The words you just heard are from the Sermon on the Mount. A sermon Jesus gives to His disciples, which others get to listen to. A sermon that begins with Jesus describing the blessed life. His life. The life, not of pride or self-serving, not of doing what you think is best, not of feeding your disordered passions so that anger gets the best of you, affection turns to lust, and my truth denigrates Truth Himself. Rather, the blessed life, the Lord’s life—the life His life describes, and shows, and gives us for authentic living. That blessed life is to deprive yourself in order to live in obedience to God, no matter how much it hurts. That blessed life is to give up who you think you should be in order to become the human God designed you to be. That blessed life is to sacrifice whatever you hold most dear within your being, in order to attain heaven.
Our Lord says that we are truly capable of this blessed life. That we are the only creatures specially designed to embrace, and be fully filled with this blessed life. If only we can begin to be what we truly are: children loved to life by God our Father, men and women knitted to Christ’s glorified body, people animated and renewed with a right life-giving Spirit.
This blessed life is not an impossible dream. When we hold to the gift He is, and the grace He gives, then that blessed life is ours. When we let go of all the things we think we must hold with both hands, then Our Lord fills us with hope to live through our fears, with intimacy that dissolves our loneliness, with mercy that overwhelms whatever threatens us, and with a love that completes us in ways we never could imagine.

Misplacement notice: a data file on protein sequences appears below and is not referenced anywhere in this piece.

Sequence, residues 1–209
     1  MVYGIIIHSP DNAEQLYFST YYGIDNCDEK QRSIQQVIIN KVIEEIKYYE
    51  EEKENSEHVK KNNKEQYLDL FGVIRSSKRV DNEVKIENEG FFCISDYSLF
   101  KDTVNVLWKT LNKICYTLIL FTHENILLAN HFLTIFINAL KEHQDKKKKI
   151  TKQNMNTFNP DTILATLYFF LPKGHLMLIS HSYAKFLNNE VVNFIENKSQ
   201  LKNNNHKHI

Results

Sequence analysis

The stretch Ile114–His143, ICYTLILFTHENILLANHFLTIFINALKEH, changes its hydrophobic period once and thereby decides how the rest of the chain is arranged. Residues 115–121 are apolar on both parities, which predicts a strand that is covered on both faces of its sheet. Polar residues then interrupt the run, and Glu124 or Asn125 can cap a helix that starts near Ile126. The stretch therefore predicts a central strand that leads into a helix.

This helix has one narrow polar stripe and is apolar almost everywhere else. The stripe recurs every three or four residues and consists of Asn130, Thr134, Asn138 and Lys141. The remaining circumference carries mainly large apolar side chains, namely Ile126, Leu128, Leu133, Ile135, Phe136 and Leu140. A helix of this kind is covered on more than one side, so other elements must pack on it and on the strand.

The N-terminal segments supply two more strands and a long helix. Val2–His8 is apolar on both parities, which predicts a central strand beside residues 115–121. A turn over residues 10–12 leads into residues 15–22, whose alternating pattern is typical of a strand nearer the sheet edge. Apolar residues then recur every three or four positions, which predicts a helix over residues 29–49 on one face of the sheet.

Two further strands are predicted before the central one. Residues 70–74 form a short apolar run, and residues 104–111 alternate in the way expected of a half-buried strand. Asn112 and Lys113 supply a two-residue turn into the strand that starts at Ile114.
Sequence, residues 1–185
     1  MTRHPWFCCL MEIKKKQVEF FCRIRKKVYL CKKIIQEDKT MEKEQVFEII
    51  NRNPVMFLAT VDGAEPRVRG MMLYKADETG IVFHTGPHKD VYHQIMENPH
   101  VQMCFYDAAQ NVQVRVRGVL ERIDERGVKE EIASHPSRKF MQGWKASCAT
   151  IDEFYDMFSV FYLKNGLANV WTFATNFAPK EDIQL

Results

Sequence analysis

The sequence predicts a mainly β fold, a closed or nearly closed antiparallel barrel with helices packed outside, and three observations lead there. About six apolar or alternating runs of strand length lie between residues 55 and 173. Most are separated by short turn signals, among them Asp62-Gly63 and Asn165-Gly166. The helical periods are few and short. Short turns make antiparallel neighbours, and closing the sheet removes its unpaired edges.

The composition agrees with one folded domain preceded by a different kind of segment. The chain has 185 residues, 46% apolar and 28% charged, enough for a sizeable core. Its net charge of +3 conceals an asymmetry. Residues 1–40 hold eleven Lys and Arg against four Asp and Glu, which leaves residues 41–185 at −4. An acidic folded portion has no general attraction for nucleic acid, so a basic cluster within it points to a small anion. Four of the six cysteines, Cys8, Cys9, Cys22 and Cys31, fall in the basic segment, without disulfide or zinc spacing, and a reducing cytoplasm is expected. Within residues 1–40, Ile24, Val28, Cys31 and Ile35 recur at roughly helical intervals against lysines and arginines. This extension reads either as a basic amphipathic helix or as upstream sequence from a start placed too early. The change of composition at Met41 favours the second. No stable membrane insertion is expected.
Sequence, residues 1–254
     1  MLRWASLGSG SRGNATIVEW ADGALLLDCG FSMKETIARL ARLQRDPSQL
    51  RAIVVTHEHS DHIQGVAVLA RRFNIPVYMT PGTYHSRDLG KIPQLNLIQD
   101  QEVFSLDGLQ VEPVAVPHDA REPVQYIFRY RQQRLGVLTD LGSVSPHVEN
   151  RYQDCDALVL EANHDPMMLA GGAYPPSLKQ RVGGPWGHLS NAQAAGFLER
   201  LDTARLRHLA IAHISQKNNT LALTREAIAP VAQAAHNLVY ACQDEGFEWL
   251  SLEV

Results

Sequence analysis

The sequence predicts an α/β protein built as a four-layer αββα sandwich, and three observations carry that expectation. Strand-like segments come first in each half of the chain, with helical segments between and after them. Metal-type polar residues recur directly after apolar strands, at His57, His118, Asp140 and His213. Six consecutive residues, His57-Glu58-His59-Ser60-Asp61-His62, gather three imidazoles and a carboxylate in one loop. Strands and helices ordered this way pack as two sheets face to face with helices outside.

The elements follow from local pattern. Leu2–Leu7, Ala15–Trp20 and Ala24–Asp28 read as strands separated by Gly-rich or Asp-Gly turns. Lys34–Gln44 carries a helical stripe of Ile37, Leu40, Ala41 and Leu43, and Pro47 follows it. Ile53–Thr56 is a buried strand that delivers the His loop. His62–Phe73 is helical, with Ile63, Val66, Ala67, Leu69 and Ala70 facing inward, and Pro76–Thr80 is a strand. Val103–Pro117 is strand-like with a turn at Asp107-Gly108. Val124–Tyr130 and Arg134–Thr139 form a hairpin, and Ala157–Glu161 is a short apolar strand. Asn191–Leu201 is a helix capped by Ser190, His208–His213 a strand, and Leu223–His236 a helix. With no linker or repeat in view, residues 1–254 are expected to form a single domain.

The worst enemy of the blessed life is not anarchy or atheism. The worst enemies are the Scribes and Pharisees. Not those guys from back then. But the scribe and the pharisee that lurks in the dark corners of our heart and mind. The scribe in our mind that looks for the loopholes, and seeks a work-around so that we can still get what we want while looking Christian. And the Pharisee in our heart that is more concerned with judging others than with looking critically at ourselves; more concerned that they do what they should and not mistreat me, rather than working on the amendment of life that strips away our fake niceness and false layers.